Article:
Monday, November 30, 2009

:anime: Free/Low-Cost Anime Pick of the Month:: Kurokami The Animation

Kurokami The Animation

Official Sites: Japanese, English
Additional Links: Seasonal Anime Preview Link, ANN Entry
Video [Free]: Bandai Entertainment Japanese Anime Channel, Crunchyroll

When I first started this feature, I was debating whether to kick it off with TRIP TREK or with Kurokami The Animation--both being shows that debuted under the rare instance of having an English language track as its primary version, not the usual Japanese. In the end, TRIP TREK won out last month due to it being the Halloween season, so naturally, Kurokami was awarded as the following month's choice (not that it has anything to do with Thanksgiving or anything).

Kurokami (or "Black God") is an adaptation of a popular Korean-Japanese manga, first airing just this past January. It revolves around a lonely high-school boy who unwittingly becomes involved in the affairs of a mysterious girl who is tasked with preserving the balance of the world. In Kurokami's particular case, its English track was developed at the same time as the Japanese and Korean tracks were and was subsequently aired nearly simultaneously each week in not only Japan, but in South Korea and the United States as well (in their respective speaking languages). This massive and painstaking feat of coordination was the first of its kind: an English dub being produced and broadcast at the same time an anime was being shown in Japan (not including the fact that it also involved three countries and languages). Technically, the English version is not a "dub", since nothing is being dubbed over, which make it and the Korean version as "official" or "equal" as the Japanese version.

Done off of pencil tests rather than actual finished footage or with the aid of the Japanese audio, the English performances have a distinct flavor to them. There is a small, but detectable, sense of freedom and looseness in terms of the acting, as there is no real need to conform to how a particular role was portrayed in the original Japanese outside of whatever guidelines were given by the show's producers. In return, the English version doesn't fall into familiar caricatures or fall prey to one-noting certain characters, resulting in a unique flow that both satisfies being faithful to the show and its denizens and feeling refreshing at the same time. It should be noted, in that respect, that its vocal stylings will not agree with everyone's tastes (as I have already noticed from some viewers) and aren't always met with success. There is also something of a uniform sound to the voice actors that could be construed as blandness to some.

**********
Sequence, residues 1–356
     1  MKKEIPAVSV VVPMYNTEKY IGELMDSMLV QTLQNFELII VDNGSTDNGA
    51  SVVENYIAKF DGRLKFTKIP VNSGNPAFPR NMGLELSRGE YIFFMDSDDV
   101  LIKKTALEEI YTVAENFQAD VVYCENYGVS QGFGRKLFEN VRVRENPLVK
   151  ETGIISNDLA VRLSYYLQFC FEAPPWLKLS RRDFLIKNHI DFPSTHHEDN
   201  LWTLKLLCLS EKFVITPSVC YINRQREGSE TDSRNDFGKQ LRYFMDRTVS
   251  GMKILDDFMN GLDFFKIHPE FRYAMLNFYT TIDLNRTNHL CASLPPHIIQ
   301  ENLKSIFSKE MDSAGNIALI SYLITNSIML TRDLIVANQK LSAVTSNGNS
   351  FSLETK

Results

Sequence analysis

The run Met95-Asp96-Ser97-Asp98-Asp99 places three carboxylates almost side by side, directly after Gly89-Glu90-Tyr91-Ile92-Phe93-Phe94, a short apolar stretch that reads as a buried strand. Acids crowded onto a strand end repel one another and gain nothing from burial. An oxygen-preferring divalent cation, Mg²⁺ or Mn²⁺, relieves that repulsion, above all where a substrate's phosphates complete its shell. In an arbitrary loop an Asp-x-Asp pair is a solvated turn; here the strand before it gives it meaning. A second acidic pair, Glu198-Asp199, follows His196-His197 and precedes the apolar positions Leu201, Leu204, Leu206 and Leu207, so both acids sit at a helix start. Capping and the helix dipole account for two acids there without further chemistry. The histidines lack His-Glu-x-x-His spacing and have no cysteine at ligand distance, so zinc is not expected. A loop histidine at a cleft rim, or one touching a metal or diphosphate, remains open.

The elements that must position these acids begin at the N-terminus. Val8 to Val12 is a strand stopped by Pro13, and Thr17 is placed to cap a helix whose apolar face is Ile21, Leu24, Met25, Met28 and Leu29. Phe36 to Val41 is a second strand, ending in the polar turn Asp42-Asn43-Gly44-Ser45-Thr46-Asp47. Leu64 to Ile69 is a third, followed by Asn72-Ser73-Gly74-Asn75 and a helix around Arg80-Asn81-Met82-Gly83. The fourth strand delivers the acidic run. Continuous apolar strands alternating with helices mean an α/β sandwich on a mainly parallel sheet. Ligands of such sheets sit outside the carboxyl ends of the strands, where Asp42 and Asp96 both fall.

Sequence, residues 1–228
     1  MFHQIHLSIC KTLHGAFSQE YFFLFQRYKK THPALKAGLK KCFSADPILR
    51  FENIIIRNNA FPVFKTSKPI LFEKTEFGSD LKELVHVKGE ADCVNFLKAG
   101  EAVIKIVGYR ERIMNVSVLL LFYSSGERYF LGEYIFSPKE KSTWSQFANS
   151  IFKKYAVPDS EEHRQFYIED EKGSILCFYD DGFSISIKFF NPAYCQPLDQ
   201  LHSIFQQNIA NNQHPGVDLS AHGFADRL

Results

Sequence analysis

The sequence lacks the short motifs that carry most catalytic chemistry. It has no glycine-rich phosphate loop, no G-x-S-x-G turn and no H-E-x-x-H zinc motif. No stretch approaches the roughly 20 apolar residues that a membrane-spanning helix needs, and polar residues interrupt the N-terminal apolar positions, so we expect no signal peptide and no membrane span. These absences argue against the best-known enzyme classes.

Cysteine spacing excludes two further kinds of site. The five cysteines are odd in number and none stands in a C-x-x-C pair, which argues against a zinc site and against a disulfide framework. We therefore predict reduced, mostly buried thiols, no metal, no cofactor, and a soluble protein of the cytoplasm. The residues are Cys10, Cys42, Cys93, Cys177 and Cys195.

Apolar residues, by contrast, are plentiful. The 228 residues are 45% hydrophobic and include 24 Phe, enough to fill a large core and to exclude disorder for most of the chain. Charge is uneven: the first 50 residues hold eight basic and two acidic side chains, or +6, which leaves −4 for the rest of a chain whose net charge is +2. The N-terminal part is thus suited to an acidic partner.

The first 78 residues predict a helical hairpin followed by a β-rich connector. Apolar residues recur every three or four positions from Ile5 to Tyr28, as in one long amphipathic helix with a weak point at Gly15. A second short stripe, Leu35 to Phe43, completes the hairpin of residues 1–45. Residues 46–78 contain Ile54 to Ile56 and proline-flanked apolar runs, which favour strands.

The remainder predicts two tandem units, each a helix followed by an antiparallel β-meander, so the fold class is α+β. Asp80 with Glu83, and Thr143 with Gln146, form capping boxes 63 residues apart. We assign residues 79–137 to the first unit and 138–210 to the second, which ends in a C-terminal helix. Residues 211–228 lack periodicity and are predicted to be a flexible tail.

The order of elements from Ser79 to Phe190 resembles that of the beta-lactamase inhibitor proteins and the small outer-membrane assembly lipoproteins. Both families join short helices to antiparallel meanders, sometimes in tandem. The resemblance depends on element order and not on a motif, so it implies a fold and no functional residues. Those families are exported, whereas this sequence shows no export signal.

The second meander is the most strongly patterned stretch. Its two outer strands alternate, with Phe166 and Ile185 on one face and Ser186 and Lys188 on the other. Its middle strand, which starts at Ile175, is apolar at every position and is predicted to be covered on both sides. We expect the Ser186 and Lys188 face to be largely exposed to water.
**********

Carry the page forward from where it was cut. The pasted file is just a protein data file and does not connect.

Kurokami the Animation, seven episodes through, is a pretty good show, though its shounen-ish trappings and lingo dumps can cause it to drag in spots. There's also the case of the female lead, Kuro, who catches a beatdown literally every episode (quite often by super-powered guys) before turning the table and delivering one of her own. Sure, she's super-powerful and skilled in her own right and always comes out on top, but it can still give you pause when watching it and will certainly turn off some viewers. In spite of all of this, it is still a worthwhile show to check out, given its intriguing sci-fi/fantasy story, interesting characters, and quality production values. It's also well-acted on the English side and can be watched in full, for free, at distributor Bandai Ent.'s YouTube channel (age-restricted) and at Crunchyroll (unrestricted), as supplied by its animation studio, Sunrise (curiously, they first offered the Japanese version before replacing it with the English version). Neither site or elsewhere, however, offers the other two languages.

The first half of Kurokami is currently available on DVD (English and Japanese w/English subtitles) in North America and will be available on Blu-Ray (English only) at the beginning of next year. There is no Korean track available on either of the disc options, but the arrangement concerning the BD release was especially controversial. It reeked of reverse importation fears by Bandai Visual, its Japanese distributor, who apparently didn't give the stateside subsidiary permission to use it for the discs. This is made all the more odd given that their domestic release contains all three language options. Such a shame that we will be deprived of a full one.

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